As you are sitting back in the blazing summer heat, mowing down on brats and burgers, and watching fireworks explode above, I want you to take a moment to thank White Pines. Yes, White Pines played a critical role in securing the victory we celebrate on the Fourth of July every year. Upon a closer look at the history of the Revolutionary War, White Pines are found almost everywhere in some way, shape, or form. They were emblazoned on flags, used to build mighty war ships, and served as metaphorical tinder to start the flames of revolution.
To Start a War: Pine Tree Riot
The White Pines of Colonial North America were world-renown for their lightness, strength, and straightness. Even in the 15th century, White Pines were being shipped as far as Madagascar for mast-building. These pines were often several hundred feet old, five feet in diameter, 120 feet tall, and weighing up to 10 tons. Such trees were nowhere to be found in England, as much of England had been deforested by the end of the Middle Ages. King George I took note of this resource and included a “Mast Preservation Clause” in the Massachusetts Bay Charter, which forbade colonists from cutting trees marked with his broad arrow brand. The colonists did not take kindly to this restriction and viewed it as yet another form of taxation and unjust rule.
These laws went largely unenforced until 1766, when the new Governor started to inspect mills for violations. Six offending mills were found on February 2, 1772, and only a few mill owners paid the corresponding fines for cutting the Crown’s Pines. On April 13, 1772 the leader of the offending mill owners was arrested and the community’s tensions came to a boil. The following morning, more than 20 men rushed into the Sherriff’s room and “They crossed out the account against them of all logs cut, drawn and forfeited, on his bare back….They made him wish he had never heard of pine trees fit for masting the royal navy.” The sheriff and his deputy never returned to town. This localized act of resistance against British Authority was a significant, symbolic precursor to the Revolution.
Symbol of Revolution: White Pine Flags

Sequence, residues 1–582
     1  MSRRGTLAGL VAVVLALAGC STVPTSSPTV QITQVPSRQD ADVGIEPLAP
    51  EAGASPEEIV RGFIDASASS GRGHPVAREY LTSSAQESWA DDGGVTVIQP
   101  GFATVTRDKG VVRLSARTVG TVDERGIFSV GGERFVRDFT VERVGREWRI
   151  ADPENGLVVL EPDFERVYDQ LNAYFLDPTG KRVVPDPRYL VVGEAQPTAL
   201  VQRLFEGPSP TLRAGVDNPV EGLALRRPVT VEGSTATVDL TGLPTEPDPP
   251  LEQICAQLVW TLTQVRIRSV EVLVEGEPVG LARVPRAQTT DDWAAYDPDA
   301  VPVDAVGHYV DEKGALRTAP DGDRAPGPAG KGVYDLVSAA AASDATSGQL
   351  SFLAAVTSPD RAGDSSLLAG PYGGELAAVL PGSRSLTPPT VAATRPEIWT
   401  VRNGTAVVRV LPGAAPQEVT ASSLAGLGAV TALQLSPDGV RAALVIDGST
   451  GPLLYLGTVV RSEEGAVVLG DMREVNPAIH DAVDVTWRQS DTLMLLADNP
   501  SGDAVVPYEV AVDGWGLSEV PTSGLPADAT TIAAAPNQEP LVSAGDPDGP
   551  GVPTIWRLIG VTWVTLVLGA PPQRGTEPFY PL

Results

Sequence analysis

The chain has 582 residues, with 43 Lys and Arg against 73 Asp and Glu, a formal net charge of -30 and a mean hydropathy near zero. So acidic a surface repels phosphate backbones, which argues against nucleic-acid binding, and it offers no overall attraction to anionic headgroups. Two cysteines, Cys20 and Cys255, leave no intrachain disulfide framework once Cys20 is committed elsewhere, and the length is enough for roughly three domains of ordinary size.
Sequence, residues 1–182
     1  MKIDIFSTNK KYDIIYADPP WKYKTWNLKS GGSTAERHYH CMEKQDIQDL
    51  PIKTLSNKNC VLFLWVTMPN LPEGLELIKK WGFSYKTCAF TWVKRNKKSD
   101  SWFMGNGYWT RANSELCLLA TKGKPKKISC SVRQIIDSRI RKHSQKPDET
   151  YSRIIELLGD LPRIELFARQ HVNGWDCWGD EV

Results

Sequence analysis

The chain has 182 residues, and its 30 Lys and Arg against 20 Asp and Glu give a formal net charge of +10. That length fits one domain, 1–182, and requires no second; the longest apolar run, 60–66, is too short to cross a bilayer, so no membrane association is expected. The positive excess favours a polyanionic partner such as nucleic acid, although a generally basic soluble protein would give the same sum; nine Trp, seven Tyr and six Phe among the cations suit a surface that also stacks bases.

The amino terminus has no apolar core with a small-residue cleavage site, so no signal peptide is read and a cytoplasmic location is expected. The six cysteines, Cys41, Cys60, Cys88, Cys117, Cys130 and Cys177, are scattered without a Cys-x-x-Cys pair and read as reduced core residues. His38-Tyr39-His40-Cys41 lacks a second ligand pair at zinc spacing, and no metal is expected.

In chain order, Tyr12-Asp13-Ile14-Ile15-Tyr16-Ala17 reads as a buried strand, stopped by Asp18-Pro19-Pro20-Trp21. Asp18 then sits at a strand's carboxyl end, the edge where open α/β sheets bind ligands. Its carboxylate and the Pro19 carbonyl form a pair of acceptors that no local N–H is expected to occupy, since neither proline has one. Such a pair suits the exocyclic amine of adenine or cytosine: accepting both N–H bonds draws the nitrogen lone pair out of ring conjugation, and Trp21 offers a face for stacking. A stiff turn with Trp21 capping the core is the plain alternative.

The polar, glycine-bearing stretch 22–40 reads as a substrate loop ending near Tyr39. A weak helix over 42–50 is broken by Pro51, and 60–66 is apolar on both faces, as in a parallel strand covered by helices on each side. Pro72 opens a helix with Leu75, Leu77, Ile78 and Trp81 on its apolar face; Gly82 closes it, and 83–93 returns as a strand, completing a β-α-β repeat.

The Pine Tree Riot added a dimension to the meaning of White Pine trees. They now carried an air of rebellion, independence, and self-authority. It’s no surprise that militia carried red flags stamped with pines at the Battle of Bunker Hill in 1775. In 1776, the Massachusetts Navy flew a white flag with a White Pine, accompanied by the words “An Appeal to Heaven.” These flags topped masts of white pine on a small fleet of ships commissioned by George Washington. To this day, the Maine flag bears a White Pine tree in its center. With this said, the White Pine had been a symbol of New England and the revolutionary spirit for over 200 years.
Weapon of War: White Pine Masts
As mentioned before, White Pines were highly coveted for their straightness, size, and strength, making them ideal for ship masts. While many British Navy vessels built before the Revolutionary war boasted white pine masts, the United States began to build a fleet of their own once they declared independence. Their boats had masts of White Pine and Red Oak. From the first 13 frigates commissioned for the Continental Navy in 1775 to the USS Alliance that fired the last shots of the Revolutionary War in 1783, ships with White Pine masts secured dozens of victories for the Continental Navy.
White Pines, the Future, and You
These magnificent trees have shaped American history and played a major role in winning the Revolutionary War. White Pines have been a part of this nation since its beginning and is still used today for carpentry, interior finishes, and exterior finishes. However, these trees are not immortal and their local populations are facing major threats from climate change. Many models predict that these trees will move northward and leave the state entirely. You can follow this link to view these models. Severson Dells is known to have three white pines on the property, but aren’t easily found. You can make sure that White Pines continue to play a role in the American story by reducing your carbon footprint. To learn more about reducing your carbon footprint, check out our “It’s Easy Being Green” blog posts!